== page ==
The US Department of Justice is shedding new light on its efforts to combat cybercrime and illegal activities involving cryptocurrencies and digital assets.
A newly issued DOJ report to President Biden outlined a number of areas the government is trying to crack down on cybercrime and fraud, including malware groups and cryptocurrency trading.
“The increasing use of digital assets in the global financial system calls for strong steps to reduce the risk of digital assets being used for illicit finance or other criminal purposes — such as money laundering, cybercrime, ransomware, narcotics, theft and fraud, and human trafficking — or to undermine our national security by enabling terrorism and proliferation financing,” the report said.
The DOJ report came as part of a strengthened cybercrime enforcement strategy that the White House launched in March with an executive order focused on digital assets and cryptocurrency crimes.
Among the items in the report was a new set of statistics from the FBI detailing how heavily cryptocurrency and cybercrime have become part of the agency’s day-to-day law enforcement efforts.
“As of July 2022, the FBI had identified an association with digital assets, ranging from violent crime and gangs to weapons of mass destruction to public corruption and terrorism, in more than 1,100 separate investigations across more than 100 different categories of investigative programs,” the report said.
“Since fiscal 2014, the FBI has seized approximately $427 million in virtual assets (value at time of seizure),” it continued. “The FBI also conducted joint investigations to assist partner agencies that led to the seizure of billions of dollars in virtual assets.”
In the meantime, the handling of these assets will be taken over by the US Marshals Service. According to the report, the agency plans to engage the private sector in its efforts to handle the management and expiration of the digital assets that law enforcement agencies seize from cybercriminals.
“These team members have diverse backgrounds in finance, wealth management, policy development, and forfeiture,” the DOJ report said. “Additionally, the Marshals Service plans to award a new competitive national contract for virtual currency-related custody and disposal services in fiscal year 2023, which will allow the Marshals Service to leverage industry expertise to efficiently and securely handle evolving types of virtual currency.” to manage while avoiding significant losses expenditure on technology and personnel.”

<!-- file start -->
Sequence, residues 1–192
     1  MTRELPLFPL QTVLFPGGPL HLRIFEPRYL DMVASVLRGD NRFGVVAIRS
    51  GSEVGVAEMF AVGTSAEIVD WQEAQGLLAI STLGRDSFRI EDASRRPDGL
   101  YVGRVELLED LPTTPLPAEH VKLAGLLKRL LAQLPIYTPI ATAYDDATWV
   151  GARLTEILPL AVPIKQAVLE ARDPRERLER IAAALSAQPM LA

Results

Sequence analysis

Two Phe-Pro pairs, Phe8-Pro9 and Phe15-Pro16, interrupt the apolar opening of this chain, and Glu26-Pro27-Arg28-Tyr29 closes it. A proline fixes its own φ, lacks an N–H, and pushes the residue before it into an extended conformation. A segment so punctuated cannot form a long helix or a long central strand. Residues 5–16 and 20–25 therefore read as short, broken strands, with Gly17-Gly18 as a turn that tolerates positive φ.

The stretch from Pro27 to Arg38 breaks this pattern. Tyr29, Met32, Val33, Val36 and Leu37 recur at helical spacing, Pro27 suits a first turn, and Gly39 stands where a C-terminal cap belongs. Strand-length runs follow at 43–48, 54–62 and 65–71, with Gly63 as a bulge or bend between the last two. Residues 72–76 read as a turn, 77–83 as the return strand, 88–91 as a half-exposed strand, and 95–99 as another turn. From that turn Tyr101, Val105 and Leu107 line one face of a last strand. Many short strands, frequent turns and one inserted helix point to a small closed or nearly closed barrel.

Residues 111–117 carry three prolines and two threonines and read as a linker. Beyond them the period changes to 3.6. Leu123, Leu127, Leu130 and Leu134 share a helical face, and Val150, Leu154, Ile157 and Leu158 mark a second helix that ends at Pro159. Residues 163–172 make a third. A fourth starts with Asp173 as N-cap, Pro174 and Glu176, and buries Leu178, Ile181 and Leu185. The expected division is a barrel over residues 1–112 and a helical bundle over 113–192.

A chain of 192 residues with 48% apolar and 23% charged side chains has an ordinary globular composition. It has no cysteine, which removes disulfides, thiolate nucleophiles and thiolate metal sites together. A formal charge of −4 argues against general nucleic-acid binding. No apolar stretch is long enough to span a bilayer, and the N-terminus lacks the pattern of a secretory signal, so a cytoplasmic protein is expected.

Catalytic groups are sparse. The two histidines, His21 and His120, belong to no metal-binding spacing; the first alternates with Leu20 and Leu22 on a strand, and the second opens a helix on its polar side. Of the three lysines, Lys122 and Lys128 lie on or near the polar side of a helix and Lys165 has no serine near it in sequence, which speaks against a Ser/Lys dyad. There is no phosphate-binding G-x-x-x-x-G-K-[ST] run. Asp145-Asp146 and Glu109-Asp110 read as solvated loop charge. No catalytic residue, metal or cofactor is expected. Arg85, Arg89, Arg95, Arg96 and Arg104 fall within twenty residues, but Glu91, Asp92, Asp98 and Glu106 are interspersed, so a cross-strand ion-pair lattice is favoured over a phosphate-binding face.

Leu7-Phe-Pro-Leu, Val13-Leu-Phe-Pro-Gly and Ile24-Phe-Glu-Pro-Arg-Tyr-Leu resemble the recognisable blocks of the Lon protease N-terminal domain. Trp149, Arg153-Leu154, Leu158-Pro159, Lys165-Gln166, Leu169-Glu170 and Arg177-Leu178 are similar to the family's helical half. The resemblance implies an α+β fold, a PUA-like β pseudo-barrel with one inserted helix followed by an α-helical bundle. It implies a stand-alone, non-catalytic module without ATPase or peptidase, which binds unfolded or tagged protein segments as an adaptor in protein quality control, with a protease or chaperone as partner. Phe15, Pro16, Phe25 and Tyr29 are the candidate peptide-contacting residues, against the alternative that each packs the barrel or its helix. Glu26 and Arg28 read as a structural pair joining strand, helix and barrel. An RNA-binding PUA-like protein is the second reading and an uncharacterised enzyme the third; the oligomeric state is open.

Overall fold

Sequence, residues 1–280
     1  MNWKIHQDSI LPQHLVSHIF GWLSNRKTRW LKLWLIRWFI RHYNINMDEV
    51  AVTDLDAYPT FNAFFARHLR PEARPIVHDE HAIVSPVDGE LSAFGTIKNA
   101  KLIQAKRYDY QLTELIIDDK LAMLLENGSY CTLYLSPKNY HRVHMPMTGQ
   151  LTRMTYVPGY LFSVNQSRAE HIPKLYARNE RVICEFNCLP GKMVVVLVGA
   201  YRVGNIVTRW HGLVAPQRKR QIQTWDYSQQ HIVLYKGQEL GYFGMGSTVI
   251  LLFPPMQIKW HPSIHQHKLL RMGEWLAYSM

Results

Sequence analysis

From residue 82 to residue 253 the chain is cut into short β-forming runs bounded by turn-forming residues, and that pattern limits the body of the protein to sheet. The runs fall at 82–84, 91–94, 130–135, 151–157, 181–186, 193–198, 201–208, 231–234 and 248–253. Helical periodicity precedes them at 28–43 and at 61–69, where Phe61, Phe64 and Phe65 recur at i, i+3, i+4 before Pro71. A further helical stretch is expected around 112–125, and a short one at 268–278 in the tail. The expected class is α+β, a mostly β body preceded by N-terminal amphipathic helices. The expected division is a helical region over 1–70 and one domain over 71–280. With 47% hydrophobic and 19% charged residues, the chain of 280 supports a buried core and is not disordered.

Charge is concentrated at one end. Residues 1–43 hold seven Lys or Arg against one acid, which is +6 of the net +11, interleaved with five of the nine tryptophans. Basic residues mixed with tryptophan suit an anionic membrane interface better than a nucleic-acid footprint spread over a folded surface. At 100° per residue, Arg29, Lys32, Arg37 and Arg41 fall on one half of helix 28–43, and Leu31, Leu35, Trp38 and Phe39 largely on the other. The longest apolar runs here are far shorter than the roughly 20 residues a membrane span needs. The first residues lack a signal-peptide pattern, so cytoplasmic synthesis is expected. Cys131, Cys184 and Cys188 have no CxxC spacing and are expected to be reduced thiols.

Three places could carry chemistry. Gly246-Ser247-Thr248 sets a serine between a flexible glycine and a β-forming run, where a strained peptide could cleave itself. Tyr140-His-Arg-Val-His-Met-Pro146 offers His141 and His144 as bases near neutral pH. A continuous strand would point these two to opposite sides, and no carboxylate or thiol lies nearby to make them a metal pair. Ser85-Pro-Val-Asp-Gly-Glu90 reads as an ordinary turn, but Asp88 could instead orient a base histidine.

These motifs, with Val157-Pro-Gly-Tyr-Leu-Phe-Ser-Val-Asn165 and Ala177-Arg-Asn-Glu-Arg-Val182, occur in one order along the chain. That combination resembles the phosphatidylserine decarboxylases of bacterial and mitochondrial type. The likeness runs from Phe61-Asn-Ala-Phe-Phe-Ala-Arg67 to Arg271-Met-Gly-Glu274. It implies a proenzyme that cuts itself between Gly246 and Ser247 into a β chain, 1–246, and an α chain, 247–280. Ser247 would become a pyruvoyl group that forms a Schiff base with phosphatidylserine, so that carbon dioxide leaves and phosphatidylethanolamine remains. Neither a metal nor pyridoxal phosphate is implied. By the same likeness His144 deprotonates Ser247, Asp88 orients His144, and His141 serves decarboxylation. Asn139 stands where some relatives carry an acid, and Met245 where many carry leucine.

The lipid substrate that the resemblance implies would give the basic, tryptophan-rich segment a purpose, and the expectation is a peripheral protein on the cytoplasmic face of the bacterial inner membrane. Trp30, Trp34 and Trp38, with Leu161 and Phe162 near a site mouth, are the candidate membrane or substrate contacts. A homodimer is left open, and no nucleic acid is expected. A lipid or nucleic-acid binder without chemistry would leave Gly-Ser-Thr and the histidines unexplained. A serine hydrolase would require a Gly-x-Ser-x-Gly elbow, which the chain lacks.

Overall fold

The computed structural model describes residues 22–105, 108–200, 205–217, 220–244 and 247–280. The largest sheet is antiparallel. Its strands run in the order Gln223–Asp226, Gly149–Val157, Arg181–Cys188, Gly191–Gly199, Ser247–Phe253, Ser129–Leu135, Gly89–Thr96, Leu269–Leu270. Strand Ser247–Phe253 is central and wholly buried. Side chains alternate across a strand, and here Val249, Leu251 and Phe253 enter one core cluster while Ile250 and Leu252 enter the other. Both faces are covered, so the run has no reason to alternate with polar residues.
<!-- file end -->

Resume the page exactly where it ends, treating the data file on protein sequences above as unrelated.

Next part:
The report also details several challenges the government faces in fighting cryptocurrency-related crimes. One particular area of concern is the continued proliferation of mixer services, which allow transactions to be hidden from tracing. Despite efforts to shut down major mixers, the services remain more popular than ever, with many operating outside of US government jurisdiction and regulatory requirements.
“Under US law (including the Bank Secrecy Act (BSA) and its implementing regulations), many exchanges and other participants in the digital asset market qualify as money transmitters that are required to comply with the AML/CFT [anti-money laundering and countering the financing of terrorism] Obligations applicable to money services businesses,” the DOJ explained to other digital assets without undergoing rigorous AML/CFT review.”
The department is also calling on lawmakers to step in and provide more tools to fight cybercrime. In particular, the DOJ is calling for a longer statute of limitations for cybercrimes.
“These investigations can be complex and lengthy, in part because their cross-border nature means they require mutual legal assistance requests from (often several different) foreign governments, which can take years to resolve,” the report said. “As a result, it is sometimes impractical to identify the perpetrator and bring charges within the usual five-year statute of limitations.”